Clinical trial design – your key to successful proof-of-concept!
The goal of many drug development projects is to exit after phase I or phase II – the proof-of concept phase. Probably the main reason for this is the immense cost of drug development beyond phase I/II and that only the larger pharmaceutical companies have the muscles, financially and operationally, to take on phase III projects.
During early development, time and resources are spent on formulation development, preclinical planning and conduct of phase I/II studies. Nevertheless, at the end of the project, the crucial results for a successful exit is the phase II data (or phase I). All money and efforts spent on conducting the clinical study to the highest standard will be condensed into a final Clinical Study Report (CSR). Your CSR is your final product which needs to be perfect. One may say that all steps on the way towards the shining CSR is just means towards the goal.
There are a few things to consider carefully when planning your clinical study, to get the most out of your investments and efforts.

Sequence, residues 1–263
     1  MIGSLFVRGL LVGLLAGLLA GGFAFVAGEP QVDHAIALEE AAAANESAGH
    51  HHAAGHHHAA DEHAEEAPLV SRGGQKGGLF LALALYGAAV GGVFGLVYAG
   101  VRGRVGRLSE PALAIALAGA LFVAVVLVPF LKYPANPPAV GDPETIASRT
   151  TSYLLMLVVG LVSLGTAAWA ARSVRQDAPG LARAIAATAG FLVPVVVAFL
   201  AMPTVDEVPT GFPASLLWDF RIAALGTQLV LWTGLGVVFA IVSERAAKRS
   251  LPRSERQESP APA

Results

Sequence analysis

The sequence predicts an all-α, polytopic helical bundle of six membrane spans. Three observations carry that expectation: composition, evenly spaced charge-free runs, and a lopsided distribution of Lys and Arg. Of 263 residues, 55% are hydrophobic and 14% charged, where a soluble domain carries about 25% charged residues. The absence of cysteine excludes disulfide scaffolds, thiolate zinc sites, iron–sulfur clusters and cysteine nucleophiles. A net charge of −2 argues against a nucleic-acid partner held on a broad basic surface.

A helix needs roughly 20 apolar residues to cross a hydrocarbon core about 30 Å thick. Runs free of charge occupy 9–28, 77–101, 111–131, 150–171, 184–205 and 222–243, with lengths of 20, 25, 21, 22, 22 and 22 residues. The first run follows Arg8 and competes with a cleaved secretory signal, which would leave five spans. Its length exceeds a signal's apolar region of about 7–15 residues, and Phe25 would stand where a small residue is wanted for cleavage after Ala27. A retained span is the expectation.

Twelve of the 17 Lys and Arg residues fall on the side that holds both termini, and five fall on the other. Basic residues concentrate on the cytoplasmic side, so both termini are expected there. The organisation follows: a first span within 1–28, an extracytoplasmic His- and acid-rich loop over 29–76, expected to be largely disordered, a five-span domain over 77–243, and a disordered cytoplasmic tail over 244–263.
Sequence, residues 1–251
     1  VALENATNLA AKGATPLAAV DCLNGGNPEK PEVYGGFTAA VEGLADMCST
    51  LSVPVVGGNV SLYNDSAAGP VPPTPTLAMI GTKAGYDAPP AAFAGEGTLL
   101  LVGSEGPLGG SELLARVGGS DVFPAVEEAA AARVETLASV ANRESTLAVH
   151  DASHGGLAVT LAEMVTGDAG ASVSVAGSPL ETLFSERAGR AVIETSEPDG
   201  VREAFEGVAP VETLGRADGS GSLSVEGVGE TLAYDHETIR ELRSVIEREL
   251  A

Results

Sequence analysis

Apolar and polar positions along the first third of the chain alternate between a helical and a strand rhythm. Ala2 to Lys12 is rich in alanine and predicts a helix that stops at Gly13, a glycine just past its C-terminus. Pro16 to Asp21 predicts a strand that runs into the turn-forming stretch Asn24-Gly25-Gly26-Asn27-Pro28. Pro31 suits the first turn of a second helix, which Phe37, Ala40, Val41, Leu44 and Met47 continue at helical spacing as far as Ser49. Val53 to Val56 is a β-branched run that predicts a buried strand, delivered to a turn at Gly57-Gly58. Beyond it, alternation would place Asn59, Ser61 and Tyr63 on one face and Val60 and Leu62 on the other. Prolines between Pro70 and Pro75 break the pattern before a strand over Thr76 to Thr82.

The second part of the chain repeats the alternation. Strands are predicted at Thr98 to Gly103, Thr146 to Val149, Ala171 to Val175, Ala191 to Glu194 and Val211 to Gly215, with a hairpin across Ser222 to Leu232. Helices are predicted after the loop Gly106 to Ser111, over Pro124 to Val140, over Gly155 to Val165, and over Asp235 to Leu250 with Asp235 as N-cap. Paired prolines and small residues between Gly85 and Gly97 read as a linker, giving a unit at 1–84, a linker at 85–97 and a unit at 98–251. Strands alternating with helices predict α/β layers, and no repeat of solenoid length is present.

• Focus on trial design – an effective choice of design, suitable endpoints and planning with the desired end result in mind will give you a stronger proof-of-concept.
• Proof-of-concept studies usually use surrogate endpoints. The reason for this is that is that surrogate endpoints are chosen to generate earlier answers than hard clinical endpoints do and provide higher statistical power. A simple example is to measure proteinuria in diabetics as a measure of kidney function instead of waiting for kidney failure and need for transplantation.
• Statisticians may be focused on statistics and numbers, but they are your BEST FRIENDS when it comes to plan for a solid proof-of-concept. Seemingly insignificant choices with regards to endpoints and study design may have a considerable impact on the results.
• Planning is key to a successful analysis. In the best of worlds your Statistical Analysis Plan has been drafted before the launch of your project.
• Operational excellence is not so sexy. However, a study which fails to recruit patients because the study design is not well aligned with clinical practice is even less attractive.
If you are interested to hear how our experienced team of statisticians can work their magic for your trial design? Give us a call.